Gastroenteritis, which is commonly called stomach flu, refers to the inflammation of the gastrointestinal tract. Viruses and bacteria are often the causal organisms for this condition. The inflammation occurs when bacteria or viruses enter and multiply within the gastrointestinal tract. This condition can give rise to a host of symptoms such as abdominal pain, bloating, vomiting, diarrhea, nausea, or loss of appetite. One of the common effect of stomach flu is dehydration, which results from loss of fluids due to vomiting and diarrhea. Besides these characteristic symptoms, affected individuals may sometimes complain of back pain. In the following sections, we will look into the causes of this condition, along with the reasons behind the development of back pain in individuals affected by stomach flu.

Contributing Factors
While diarrhea, nausea, vomiting, and abdominal discomfort are the common symptoms, one may also experience flu-like symptoms such as malaise, headaches, body aches, or fever. The common causes of this condition include:

Rotaviruses, adenoviruses, and noroviruses are some of the viruses that are responsible for causing this gastrointestinal problem. More often than not, a viral infection is the contributing factor for this condition. However, bacteria, fungi, or other parasites could also be responsible for causing inflammation of the gastrointestinal tract. The incubation period usually depends on the causal organism.

Another contributing factor could be the consumption of contaminated food or water. Ingesting food that has not been prepared in a hygienic manner is one of the common causes of bacterial gastroenteritis. Bacteria that are commonly responsible for causing inflammation of the gastrointestinal tract include Escherichia coli, Campylobacter jejuni, and Salmonella.

Presence of heavy metals such as lead, mercury, or arsenic in water could also cause accumulation of toxins in the digestive tract, which could give rise to inflammation.

Prolonged use of antibiotics could also disturb the balance of friendly bacteria and other microbes in the digestive tract, which in turn could put one at an increased risk of developing infections. Those who have a weakened immune system are also at a greater risk of developing such infections.

Can Gastroenteritis Cause Back Pain?

As mentioned earlier, abdominal pain, cramps, diarrhea, bloating, and vomiting are some of the common symptoms of stomach flu. Since one may lose bodily fluids due to diarrhea or vomiting, one may even become dehydrated. Severe dehydration could even make one feel lightheaded or weak. At times, people experience back pain during gastroenteritis. Basically, back pain that one may experience at this time is mainly a referred pain. Referred pain is a term used for describing pain which is felt at a location that is different from the source of the painful stimulus. So, the pain that is arising from the gastrointestinal tract could radiate to other parts of the body.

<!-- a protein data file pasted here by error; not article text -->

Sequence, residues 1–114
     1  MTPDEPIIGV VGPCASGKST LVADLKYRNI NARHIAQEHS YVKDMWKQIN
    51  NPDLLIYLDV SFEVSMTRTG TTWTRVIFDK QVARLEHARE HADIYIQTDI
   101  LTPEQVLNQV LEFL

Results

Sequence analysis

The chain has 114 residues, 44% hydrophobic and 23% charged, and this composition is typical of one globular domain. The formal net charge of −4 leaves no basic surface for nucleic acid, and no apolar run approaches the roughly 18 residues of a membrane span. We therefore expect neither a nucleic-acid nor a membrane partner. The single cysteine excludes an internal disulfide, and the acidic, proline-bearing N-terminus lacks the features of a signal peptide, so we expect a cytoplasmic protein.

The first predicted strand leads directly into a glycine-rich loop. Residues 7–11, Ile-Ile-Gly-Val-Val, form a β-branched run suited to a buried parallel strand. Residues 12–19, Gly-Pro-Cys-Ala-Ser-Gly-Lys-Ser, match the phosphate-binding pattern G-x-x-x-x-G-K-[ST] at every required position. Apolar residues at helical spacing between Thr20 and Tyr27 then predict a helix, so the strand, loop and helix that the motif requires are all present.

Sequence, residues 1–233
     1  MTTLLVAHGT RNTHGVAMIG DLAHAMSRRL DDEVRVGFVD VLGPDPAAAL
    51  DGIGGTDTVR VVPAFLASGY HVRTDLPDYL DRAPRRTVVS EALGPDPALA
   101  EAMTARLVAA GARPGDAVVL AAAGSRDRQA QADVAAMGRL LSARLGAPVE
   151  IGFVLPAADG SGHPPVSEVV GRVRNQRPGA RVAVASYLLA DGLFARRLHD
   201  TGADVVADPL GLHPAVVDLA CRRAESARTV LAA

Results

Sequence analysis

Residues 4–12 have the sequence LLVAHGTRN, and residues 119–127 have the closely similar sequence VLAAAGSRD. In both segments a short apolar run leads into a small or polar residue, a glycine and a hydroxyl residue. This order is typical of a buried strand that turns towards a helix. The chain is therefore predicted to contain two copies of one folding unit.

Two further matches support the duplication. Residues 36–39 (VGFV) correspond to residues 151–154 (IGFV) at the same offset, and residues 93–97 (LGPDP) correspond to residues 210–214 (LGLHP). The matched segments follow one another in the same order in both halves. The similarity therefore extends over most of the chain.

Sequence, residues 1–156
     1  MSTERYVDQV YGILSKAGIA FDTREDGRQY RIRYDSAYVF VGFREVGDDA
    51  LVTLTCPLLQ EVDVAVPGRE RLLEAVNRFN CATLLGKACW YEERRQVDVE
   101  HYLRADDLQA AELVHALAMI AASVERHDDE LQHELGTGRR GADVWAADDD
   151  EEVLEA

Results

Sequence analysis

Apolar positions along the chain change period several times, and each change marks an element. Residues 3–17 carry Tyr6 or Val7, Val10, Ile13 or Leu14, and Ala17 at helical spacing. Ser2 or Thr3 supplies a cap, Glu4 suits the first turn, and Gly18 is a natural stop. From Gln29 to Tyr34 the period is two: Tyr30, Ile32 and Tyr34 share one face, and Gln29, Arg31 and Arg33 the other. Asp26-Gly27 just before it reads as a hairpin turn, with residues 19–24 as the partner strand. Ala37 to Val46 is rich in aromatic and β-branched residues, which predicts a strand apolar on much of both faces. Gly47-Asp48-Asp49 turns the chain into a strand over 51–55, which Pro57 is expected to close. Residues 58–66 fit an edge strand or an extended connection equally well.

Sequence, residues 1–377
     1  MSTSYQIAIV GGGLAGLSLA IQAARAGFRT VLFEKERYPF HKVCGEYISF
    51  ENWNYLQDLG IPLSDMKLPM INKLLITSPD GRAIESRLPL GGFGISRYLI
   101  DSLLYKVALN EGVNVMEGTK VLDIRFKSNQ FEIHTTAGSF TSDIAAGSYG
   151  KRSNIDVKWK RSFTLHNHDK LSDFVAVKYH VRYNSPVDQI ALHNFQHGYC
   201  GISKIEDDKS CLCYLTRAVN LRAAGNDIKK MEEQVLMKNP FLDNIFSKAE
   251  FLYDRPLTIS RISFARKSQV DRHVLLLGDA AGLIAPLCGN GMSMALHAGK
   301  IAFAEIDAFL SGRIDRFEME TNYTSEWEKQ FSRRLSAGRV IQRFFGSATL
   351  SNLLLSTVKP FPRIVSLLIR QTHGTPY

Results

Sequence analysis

At times, back pain could be due to the excessive buildup of gas. When there is excessive production of gas, and this intestinal gas cannot be expelled, it may exert pressure and cause pain in the abdominal region. While one is most likely to experience tightness or a knotted feeling in the stomach, pain may get referred to the back region. If pain often occurs due to excess gas, it could also be indicative of a weak digestive system. Such individuals must make lifestyle changes or follow certain remedies to prevent excessive buildup of gas.

Treatment Options

The time taken to recover from stomach flu would vary, depending on the extent of inflammation. Gastroenteritis usually resolves within a couple of weeks. The affected individual can follow the home remedies given below:

Since vomiting and diarrhea cause fluid loss and may leave one feeling very weak, there's a need to make up for the loss of fluids. Drinking an oral rehydration solution can help prevent severe dehydration.

One can also consume probiotic foods to restore microbial balance in the gastrointestinal tract.

Doctors often ask the patient to refrain from eating fried or fatty foods until the digestive system recovers. So, one must start with foods that can be digested easily.

Uncooked meat can make one susceptible to this condition, which is why there's a great need to ensure that food is cooked well. One must also refrain from consuming foods that are known for causing gas.

If the diagnostic tests reveal bacteria to be the causal organism, doctors may also prescribe antibiotics for preventing the bacteria from growing further.

On a concluding note, back pain that is experience during gastroenteritis could be a referred pain. Also, excessive buildup of gas could be the link between gastroenteritis and back pain. While doctors may prescribe drugs for treating infection and inflammation, there's a great need to comply to the dietary guidelines. Gastroenteritis is mainly a food-borne ailment, and following a healthy diet may help in preventing a recurrence of gastroenteritis in future.

Disclaimer: The information provided in this article is solely for educating the reader. It is not intended to be a substitute for the advice of a medical expert.